A craftsperson made 126 ornaments and put them all into

This topic has expert replies
Moderator
Posts: 6591
Joined: 07 Sep 2017
Followed by:20 members

Timer

00:00

Your Answer

A

B

C

D

E

Global Stats

A craftsperson made 126 ornaments and put them all into boxes. If each box contained either 6 ornaments or 24 ornaments, how many of the boxes contained 24 ornaments?

(1) Fewer than 4 of the boxes contained 6 ornaments

(2) More than 3 of the boxes contained 24 ornaments

OA A

Source: GMAT Prep

GMAT/MBA Expert

User avatar
GMAT Instructor
Posts: 3008
Joined: 22 Aug 2016
Location: Grand Central / New York
Thanked: 470 times
Followed by:32 members

by [email protected] » Thu May 02, 2019 2:10 am

Timer

00:00

Your Answer

A

B

C

D

E

Global Stats

BTGmoderatorDC wrote:A craftsperson made 126 ornaments and put them all into boxes. If each box contained either 6 ornaments or 24 ornaments, how many of the boxes contained 24 ornaments?

(1) Fewer than 4 of the boxes contained 6 ornaments

(2) More than 3 of the boxes contained 24 ornaments

OA A

Source: GMAT Prep
Say there are x numbers of boxes that contained 6 ornaments and y numbers of boxes that contained 24 ornaments; thus, we have

6x + 24y = 126
x + 4y = 21

y = (21 - x)/4

We have to get the value of y.

(1) Fewer than 4 of the boxes contained 6 ornaments.

=> x: { 1, 2, 3}

Since x and y are positive integers, values of y must be such that y = (21 - x)/4 is a positive integer.

@x = 1, we have y = (21 - x)/4 = (21 - 1)/4 = 5;
@x = 2, we have y = (21 - x)/4 = (21 - 2)/4 = not an integer, not valid;
@x = 3, we have y = (21 - x)/4 = (21 - 3)/4 = not an integer, not valid

Thus, y = 5. Sufficient.

(2) More than 3 of the boxes contained 24 ornaments.

=> y: {4, 5, 6, ...}

Let's manipulate y = (21 - x)/4 to x = 21 - 4y

@y = 4, we have x = 21 - 4y = 21 - 4*4 = 5;
@y = 5, we have x = 21 - 4y = 21 - 4*5 = 1

No unique value of y. Insufficient.

The correct answer: A

Hope this helps!

-Jay
_________________
Manhattan Review GMAT Prep

Locations: GRE Manhattan | ACT Tutoring San Antonio | GRE Prep Courses Boston | Houston IELTS Tutoring | and many more...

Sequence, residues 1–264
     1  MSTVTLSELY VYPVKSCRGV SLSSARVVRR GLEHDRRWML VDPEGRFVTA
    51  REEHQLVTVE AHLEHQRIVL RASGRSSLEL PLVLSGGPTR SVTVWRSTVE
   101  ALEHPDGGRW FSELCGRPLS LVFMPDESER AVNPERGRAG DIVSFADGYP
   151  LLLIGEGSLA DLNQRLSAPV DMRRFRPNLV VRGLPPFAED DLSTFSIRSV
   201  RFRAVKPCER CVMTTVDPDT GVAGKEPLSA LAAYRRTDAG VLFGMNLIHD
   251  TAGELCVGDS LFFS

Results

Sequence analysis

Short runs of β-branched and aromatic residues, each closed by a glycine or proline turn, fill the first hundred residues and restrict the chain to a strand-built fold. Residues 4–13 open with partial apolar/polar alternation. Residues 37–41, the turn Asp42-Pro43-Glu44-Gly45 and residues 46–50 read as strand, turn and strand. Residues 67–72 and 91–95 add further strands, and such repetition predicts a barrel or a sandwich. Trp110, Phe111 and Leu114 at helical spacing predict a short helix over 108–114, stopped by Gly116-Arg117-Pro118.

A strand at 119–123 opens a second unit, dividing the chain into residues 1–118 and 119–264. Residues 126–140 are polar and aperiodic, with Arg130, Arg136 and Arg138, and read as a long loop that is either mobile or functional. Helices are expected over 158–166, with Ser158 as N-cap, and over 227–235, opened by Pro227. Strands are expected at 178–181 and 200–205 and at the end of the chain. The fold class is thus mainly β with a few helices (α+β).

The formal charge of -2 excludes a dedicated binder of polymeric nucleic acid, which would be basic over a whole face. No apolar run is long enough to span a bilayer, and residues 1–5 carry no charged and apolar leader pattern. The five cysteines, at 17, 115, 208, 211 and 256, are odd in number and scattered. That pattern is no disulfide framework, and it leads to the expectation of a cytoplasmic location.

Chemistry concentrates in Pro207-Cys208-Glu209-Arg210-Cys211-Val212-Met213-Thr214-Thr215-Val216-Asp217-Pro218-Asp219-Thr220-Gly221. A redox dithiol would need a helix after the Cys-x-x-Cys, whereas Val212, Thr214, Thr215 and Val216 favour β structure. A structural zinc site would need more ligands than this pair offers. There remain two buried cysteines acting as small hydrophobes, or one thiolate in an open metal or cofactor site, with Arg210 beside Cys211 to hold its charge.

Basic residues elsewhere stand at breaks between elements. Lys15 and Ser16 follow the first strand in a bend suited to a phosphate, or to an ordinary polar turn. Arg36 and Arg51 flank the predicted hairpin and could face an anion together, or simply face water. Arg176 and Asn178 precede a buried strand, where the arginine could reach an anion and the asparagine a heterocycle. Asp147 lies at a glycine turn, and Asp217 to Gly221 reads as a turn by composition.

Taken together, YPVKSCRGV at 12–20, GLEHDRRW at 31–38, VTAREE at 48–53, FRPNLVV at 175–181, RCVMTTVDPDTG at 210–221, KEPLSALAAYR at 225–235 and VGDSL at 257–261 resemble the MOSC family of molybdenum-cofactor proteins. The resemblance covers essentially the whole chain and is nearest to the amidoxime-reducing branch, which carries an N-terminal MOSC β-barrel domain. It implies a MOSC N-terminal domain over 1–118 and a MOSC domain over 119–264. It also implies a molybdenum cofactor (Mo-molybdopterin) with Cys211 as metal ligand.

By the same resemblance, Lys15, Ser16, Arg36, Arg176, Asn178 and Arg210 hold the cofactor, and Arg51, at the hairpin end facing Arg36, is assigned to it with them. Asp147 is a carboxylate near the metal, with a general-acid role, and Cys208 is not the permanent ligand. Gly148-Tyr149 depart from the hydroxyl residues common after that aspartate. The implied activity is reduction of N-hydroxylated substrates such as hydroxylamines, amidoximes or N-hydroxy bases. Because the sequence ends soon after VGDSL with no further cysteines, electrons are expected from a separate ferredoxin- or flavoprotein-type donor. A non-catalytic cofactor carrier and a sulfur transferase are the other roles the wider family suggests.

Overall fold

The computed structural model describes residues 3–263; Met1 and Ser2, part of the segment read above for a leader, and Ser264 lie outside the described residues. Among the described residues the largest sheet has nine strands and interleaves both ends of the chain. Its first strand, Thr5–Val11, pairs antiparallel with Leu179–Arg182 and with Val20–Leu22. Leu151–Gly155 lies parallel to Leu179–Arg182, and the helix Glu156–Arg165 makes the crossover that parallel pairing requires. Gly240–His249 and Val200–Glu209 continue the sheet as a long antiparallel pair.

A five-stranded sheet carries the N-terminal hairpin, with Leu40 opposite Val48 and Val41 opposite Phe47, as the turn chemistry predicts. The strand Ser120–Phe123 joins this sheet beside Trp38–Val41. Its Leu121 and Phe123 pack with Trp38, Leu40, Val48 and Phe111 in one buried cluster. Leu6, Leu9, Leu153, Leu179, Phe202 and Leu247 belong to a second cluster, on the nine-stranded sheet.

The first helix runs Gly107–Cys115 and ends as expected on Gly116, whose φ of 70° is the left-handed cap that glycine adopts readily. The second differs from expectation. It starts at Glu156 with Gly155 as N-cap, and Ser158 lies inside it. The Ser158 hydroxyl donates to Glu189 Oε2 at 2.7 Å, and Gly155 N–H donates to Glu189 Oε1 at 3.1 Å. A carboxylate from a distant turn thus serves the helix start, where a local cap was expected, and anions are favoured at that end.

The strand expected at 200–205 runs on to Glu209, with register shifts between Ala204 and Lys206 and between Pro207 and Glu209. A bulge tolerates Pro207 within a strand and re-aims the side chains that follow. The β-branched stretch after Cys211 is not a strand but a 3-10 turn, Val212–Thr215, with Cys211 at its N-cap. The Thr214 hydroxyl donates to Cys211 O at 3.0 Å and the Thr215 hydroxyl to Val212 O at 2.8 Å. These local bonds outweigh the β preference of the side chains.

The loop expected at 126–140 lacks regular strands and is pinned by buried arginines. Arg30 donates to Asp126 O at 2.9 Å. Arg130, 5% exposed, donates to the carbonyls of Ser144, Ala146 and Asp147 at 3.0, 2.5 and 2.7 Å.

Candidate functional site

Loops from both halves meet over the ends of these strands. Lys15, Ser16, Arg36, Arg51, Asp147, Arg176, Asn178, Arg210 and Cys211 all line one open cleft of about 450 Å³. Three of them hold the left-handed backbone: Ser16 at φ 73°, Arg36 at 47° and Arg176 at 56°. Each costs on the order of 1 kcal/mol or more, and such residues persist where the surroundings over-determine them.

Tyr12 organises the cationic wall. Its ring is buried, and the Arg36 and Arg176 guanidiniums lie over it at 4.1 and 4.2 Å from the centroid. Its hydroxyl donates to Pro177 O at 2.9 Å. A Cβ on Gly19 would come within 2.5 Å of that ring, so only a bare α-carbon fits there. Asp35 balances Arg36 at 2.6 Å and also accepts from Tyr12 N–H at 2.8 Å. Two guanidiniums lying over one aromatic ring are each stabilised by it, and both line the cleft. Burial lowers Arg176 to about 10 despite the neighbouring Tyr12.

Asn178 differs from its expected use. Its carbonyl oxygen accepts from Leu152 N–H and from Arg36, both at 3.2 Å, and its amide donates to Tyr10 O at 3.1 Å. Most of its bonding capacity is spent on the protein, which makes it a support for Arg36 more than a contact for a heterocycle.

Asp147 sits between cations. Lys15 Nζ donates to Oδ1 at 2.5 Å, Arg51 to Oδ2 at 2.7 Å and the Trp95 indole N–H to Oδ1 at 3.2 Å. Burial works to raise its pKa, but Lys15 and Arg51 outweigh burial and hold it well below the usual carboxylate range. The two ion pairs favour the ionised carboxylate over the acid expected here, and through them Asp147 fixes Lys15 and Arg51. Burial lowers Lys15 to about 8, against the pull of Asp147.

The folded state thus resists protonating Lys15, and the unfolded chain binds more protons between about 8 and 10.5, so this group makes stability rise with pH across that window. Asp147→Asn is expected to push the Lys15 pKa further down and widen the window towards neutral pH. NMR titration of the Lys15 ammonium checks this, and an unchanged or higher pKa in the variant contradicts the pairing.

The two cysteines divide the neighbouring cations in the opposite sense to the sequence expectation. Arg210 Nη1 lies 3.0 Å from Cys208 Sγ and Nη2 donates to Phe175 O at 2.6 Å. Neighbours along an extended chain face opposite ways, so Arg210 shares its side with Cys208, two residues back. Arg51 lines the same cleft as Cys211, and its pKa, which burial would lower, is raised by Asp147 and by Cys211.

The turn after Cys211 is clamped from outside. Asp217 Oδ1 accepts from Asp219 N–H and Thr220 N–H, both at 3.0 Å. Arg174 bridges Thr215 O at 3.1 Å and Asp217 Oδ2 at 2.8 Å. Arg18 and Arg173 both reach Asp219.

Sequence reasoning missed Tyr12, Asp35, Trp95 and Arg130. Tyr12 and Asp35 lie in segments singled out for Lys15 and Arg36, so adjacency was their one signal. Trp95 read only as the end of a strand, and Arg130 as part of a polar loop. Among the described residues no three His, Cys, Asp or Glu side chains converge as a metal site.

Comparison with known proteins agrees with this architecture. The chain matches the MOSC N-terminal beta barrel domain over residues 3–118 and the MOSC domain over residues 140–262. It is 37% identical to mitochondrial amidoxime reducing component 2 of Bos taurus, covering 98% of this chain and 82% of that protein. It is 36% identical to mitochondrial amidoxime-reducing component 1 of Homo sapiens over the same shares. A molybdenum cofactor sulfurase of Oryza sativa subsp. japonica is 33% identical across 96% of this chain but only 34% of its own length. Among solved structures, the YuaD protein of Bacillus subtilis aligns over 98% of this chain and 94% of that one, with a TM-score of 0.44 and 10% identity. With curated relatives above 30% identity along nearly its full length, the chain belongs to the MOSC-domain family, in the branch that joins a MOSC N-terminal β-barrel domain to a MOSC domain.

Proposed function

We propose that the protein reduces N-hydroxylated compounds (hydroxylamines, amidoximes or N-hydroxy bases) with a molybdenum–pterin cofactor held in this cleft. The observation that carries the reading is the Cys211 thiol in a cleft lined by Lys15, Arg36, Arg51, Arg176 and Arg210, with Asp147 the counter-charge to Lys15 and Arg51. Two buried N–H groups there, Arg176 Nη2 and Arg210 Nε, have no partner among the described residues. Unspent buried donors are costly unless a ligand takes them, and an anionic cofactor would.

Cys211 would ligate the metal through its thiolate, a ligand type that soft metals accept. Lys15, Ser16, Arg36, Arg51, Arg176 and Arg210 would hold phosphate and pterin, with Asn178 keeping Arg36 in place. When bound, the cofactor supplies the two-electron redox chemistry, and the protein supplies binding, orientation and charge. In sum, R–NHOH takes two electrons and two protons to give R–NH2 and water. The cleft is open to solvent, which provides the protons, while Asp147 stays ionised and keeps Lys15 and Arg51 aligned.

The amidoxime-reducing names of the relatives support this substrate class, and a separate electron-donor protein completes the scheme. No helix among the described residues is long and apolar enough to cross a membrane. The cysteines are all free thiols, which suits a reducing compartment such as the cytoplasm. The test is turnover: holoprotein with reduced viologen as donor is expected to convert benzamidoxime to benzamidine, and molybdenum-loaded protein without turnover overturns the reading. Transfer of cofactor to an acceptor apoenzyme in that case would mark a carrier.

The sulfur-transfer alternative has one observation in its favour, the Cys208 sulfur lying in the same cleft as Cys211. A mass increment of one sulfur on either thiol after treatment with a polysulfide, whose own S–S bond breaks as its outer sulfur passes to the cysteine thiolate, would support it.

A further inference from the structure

Schedule your free consultation with an experienced GMAT Prep Advisor! Click here.

GMAT/MBA Expert

User avatar
GMAT Instructor
Posts: 6489
Joined: 25 Apr 2015
Location: Los Angeles, CA
Thanked: 43 times
Followed by:26 members

by [email protected] » Sun Nov 03, 2019 7:26 pm

Timer

00:00

Your Answer

A

B

C

D

E

Global Stats

BTGmoderatorDC wrote:A craftsperson made 126 ornaments and put them all into boxes. If each box contained either 6 ornaments or 24 ornaments, how many of the boxes contained 24 ornaments?

(1) Fewer than 4 of the boxes contained 6 ornaments

(2) More than 3 of the boxes contained 24 ornaments

OA A

Source: GMAT Prep
We can let a = the number of boxes containing 6 ornaments each and b = the number of boxes containing 24 ornaments each. We can create the equation:

6a + 24b = 126

6a = 126 - 24b

Dividing both sides of the equation by 6, we have: a = 21 - 4b

We see that the value of b could be 0, 1, 2, 3, 4 or 5, and the respective values of a would then be 21, 17, 13, 9, 5,and 1.

Statement One Only:

Fewer than 4 of the boxes contained 6 ornaments.

In other words, a < 4. From the stem analysis, we see that if a < 4, then a must be 1, and hence b must be 5. So the number of boxes that contain 24 ornaments is 5. Statement one alone is sufficient.

Statement Two Only:

More than 3 of the boxes contained 24 ornaments.

In other words, b > 3. From the stem analysis, we see that if b > 3, then b must be 4 or 5, and hence, a must be 9 or 1, respectively. In the former case, the number of boxes that contain 24 ornaments is 4; however, in the latter case, the same number is 5. Statement two alone is not sufficient.

Answer: A

Scott Woodbury-Stewart
Founder and CEO
[email protected]

Image

See why Target Test Prep is rated 5 out of 5 stars on BEAT the GMAT. Read our reviews

ImageImage

GMAT/MBA Expert

User avatar
GMAT Instructor
Posts: 16084
Joined: 08 Dec 2008
Location: Vancouver, BC
Thanked: 5254 times
Followed by:1267 members
GMAT Score:770

Timer

00:00

Your Answer

A

B

C

D

E

Global Stats

BTGmoderatorDC wrote:
Thu May 02, 2019 12:42 am
A craftsperson made 126 ornaments and put them all into boxes. If each box contained either 6 ornaments or 24 ornaments, how many of the boxes contained 24 ornaments?

(1) Fewer than 4 of the boxes contained 6 ornaments

(2) More than 3 of the boxes contained 24 ornaments

OA A

Source: GMAT Prep
Given: A craftsperson made 126 ornaments and put them all into boxes. Each box contained either 6 ornaments or 24 ornaments.
In situations like this, where there aren't many possible cases, I like to invest a little time upfront to systematically list those cases.
case i: 0 24-ornament boxes and 21 6-ornament boxes
case ii: 1 24-ornament boxes and 17 6-ornament boxes
case iii: 2 24-ornament boxes and 13 6-ornament boxes
case iv: 3 24-ornament boxes and 9 6-ornament boxes
case v: 4 24-ornament boxes and 5 6-ornament boxes
case vi: 5 24-ornament boxes and 1 6-ornament boxes
Aside: I'd typically list the six possible outcomes in table form, which would take less than 15 seconds.

Target question: How many of the boxes contained 24 ornaments?

Statement 1: Fewer than 4 of the boxes contained 6 ornaments
This statement rules out cases i to v, leaving only case vi, which means 5 boxes contained 24 ornaments.
Since we can answer the target question with certainty, statement 1 is SUFFICIENT

Statement 2: More than 3 of the boxes contained 24 ornaments
This statement rules out cases i to iv, leaving cases v and vi, which means EITHER 4 boxes contained 24 ornaments OR 5 boxes contained 24 ornaments.
Since we can’t answer the target question with certainty, statement 2 is NOT SUFFICIENT

Answer: A

Cheers,
Brent
Brent Hanneson - Creator of GMATPrepNow.com
Image